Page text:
Within our industry, unplanned discharges of water are unusual. We track reports of unplanned water discharge by our companies and will report on any incidents where there has been a breach of local regulation.

EN22 Total weight of waste by type and disposal method
 2010
metric tonnes
2011
metric tonnes
% change
Non-hazardous waste sent to landfills19,08719,9934.75%
Non-hazardous waste recycled112,994118,8455.18%
Non-hazardous waste incinerated479296-38.20%
Other non-hazardous waste15946-71.07%
Hazardous waste sent to approved landfills63194207.94%
Hazardous waste recycled1,8391,678-8.75%
Hazardous waste incinerated4613-71.74%
Other hazardous waste728822.22%
Total134,741141,1524.76%
Per million cigarettes equivalent 0.1250.119-5.12%

The 2011 increase in waste in absolute terms was largely driven by higher waste being generated at a small number of sites due to specific reasons such as production waste rising as a result of an increase in production volumes, salvage waste from a warehouse fire and transferring production volumes to a site with limited recycling facilities.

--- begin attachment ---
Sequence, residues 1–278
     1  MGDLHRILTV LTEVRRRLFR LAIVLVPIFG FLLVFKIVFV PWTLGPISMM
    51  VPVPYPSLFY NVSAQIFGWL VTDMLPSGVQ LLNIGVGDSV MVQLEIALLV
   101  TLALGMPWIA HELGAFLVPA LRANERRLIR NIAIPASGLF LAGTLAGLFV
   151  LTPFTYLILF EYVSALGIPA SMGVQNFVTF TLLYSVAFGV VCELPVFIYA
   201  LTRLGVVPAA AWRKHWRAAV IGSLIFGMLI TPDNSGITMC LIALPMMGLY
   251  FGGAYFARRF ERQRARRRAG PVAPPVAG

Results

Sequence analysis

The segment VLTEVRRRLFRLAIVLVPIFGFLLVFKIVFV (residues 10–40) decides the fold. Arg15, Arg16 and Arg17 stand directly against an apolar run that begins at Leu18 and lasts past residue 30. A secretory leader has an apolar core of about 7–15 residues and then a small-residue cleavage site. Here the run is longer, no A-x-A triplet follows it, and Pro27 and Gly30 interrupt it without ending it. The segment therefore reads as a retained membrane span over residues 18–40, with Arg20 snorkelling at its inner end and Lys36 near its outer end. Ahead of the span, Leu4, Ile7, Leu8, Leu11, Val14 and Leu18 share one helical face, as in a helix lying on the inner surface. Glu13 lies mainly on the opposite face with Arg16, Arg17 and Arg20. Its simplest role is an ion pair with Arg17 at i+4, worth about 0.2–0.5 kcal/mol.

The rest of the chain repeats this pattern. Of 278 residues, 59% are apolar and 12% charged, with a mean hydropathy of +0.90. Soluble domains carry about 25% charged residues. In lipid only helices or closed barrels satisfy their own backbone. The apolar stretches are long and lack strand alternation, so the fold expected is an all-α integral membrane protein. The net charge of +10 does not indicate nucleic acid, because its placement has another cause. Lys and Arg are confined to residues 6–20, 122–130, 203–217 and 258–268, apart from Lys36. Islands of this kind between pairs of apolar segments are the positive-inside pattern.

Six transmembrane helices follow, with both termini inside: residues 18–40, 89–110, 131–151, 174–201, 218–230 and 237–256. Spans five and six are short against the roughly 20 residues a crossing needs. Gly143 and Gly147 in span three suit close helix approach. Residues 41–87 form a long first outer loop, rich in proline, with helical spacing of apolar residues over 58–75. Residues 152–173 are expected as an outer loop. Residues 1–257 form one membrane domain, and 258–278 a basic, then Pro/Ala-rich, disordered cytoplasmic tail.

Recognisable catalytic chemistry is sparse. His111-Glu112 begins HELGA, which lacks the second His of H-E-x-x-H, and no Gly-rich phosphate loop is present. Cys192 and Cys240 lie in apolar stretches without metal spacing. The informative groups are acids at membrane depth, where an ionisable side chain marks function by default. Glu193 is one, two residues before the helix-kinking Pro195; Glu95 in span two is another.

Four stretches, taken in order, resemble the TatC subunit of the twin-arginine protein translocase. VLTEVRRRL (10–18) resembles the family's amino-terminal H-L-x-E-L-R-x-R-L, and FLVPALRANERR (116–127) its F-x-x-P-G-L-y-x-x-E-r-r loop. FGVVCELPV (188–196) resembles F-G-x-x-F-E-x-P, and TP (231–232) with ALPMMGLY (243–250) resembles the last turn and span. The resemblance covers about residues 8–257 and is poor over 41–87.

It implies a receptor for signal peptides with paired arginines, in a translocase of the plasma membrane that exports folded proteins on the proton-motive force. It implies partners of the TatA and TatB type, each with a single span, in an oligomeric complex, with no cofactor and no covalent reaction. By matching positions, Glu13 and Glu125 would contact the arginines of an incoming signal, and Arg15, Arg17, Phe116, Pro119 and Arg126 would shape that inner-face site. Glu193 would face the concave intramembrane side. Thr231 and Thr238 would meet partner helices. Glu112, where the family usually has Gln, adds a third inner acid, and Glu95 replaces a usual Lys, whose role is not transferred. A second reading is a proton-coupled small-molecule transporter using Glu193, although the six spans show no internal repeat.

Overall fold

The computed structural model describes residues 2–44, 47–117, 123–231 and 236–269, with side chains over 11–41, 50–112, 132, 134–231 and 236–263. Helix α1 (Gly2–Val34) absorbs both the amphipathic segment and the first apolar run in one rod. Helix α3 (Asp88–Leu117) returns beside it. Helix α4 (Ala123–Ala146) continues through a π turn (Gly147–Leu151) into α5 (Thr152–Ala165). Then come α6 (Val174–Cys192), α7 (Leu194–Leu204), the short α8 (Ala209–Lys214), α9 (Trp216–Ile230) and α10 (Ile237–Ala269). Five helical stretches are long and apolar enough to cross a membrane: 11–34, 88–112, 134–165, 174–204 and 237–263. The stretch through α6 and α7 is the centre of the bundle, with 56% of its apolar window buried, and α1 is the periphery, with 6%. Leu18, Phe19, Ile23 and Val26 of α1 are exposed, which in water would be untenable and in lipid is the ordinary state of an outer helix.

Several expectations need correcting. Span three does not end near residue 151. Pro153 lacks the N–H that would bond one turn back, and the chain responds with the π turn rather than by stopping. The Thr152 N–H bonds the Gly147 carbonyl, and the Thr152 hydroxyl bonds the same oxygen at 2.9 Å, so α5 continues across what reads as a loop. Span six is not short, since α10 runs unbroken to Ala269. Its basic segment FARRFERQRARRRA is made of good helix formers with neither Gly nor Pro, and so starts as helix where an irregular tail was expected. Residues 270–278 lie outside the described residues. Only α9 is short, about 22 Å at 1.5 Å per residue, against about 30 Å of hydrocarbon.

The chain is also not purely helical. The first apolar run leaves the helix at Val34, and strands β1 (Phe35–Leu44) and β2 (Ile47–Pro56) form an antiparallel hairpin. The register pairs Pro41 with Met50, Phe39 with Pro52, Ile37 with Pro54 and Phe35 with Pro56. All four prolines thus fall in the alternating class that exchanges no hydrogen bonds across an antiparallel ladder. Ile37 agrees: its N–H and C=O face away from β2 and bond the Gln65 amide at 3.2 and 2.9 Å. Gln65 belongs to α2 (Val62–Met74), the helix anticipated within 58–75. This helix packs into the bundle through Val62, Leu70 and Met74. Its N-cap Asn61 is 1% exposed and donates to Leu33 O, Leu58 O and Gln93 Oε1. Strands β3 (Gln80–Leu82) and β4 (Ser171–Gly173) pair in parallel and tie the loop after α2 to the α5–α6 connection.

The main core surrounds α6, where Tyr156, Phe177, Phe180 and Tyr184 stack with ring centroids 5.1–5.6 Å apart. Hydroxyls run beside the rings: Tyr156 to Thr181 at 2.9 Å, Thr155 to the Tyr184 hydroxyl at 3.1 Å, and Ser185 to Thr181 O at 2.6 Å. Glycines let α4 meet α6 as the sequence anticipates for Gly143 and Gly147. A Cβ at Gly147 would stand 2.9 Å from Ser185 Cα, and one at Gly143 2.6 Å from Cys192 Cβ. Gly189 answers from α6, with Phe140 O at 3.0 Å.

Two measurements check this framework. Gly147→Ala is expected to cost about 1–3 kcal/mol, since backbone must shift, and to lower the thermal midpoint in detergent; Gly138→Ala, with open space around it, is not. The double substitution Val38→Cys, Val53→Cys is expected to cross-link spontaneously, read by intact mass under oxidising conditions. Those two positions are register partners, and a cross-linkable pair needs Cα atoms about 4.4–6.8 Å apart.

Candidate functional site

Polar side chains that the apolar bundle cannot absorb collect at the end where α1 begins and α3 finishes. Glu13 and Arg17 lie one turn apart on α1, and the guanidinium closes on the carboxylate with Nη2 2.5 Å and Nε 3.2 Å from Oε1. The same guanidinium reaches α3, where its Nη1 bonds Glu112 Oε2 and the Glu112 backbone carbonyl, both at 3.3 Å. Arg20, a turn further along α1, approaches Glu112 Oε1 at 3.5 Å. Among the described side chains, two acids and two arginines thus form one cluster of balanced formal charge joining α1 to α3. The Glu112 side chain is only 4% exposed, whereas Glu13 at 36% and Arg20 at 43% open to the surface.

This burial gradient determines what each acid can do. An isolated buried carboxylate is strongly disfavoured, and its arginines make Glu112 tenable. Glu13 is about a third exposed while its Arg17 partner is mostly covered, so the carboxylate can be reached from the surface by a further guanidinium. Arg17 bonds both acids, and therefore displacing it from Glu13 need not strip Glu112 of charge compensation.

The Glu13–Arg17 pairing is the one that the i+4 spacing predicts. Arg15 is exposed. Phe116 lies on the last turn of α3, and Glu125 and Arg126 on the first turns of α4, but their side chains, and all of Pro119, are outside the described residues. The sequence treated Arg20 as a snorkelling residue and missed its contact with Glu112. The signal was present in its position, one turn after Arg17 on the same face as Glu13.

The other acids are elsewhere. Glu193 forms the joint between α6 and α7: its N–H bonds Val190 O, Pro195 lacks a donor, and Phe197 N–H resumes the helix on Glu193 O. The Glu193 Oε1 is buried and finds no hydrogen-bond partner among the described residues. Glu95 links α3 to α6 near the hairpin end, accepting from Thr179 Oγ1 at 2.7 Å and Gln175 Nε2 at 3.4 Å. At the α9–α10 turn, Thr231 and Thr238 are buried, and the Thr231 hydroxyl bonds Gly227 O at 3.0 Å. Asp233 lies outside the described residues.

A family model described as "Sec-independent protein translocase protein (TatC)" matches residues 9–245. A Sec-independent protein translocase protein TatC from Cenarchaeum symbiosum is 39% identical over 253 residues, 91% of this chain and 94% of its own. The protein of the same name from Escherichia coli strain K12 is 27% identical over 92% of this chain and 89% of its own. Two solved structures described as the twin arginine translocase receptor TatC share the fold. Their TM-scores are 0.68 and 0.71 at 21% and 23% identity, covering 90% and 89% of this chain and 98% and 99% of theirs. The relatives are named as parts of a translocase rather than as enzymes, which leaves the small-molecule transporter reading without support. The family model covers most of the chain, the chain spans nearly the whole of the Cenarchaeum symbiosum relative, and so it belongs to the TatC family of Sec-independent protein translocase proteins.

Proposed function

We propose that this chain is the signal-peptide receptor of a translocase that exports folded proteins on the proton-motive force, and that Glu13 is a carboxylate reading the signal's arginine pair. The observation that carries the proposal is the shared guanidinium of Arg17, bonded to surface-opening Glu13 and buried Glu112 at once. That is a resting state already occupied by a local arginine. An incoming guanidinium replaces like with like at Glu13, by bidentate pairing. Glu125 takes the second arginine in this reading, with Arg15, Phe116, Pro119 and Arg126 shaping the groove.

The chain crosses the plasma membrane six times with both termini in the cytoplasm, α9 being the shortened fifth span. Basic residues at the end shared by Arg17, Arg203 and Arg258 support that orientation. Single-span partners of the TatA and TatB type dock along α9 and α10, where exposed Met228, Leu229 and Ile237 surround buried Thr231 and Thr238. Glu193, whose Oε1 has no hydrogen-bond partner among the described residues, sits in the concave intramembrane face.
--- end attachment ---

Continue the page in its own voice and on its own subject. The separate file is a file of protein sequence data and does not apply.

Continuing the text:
We approach waste as another raw material and we recycle or reuse it within our business or that of others. We aim to reduce our waste to landfill towards our 2012 goal of 0.022 tonnes per million cigarettes equivalent, 12 per cent lower than our 2007 baseline, which was met ahead of schedule in 2011 with a decrease to 0.017 tonnes largely due to efficiency improvements alongside an increase in production volume resulting from the inclusion of our 2010 acquisition in Indonesia.

EN23 Total number and volume of significant spills

We do not report on this indicator as we do not believe it is relevant to our business.

EN24 Weight of transported, imported, exported, or treated waste deemed hazardous under the terms of the Basel Convention Annex I, II, III, and VIII, and percentage of transported waste shipped internationally

We do not report on this indicator as we do not believe it is relevant to our business.